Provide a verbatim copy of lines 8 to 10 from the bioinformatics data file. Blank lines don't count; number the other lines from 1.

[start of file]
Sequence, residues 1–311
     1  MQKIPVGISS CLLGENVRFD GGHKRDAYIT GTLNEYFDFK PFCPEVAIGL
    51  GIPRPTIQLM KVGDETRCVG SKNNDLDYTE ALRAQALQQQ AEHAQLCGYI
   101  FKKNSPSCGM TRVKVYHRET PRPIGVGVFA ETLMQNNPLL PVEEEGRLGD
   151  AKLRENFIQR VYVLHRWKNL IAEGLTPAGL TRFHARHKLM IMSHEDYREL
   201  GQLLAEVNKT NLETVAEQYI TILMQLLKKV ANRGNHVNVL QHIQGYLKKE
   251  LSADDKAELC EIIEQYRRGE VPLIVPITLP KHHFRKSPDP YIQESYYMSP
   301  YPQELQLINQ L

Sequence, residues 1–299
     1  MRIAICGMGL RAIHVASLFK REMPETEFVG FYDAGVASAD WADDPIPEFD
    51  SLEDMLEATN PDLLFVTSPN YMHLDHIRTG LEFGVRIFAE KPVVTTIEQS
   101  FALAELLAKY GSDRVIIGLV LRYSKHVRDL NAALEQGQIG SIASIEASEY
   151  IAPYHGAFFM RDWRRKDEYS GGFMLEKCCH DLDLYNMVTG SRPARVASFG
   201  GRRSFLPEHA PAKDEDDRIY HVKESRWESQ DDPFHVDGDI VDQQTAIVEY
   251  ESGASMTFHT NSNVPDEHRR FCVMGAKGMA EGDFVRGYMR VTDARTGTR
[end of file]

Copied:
   301  YPQELQLINQ L

Sequence, residues 1–299
     1  MRIAICGMGL RAIHVASLFK REMPETEFVG FYDAGVASAD WADDPIPEFD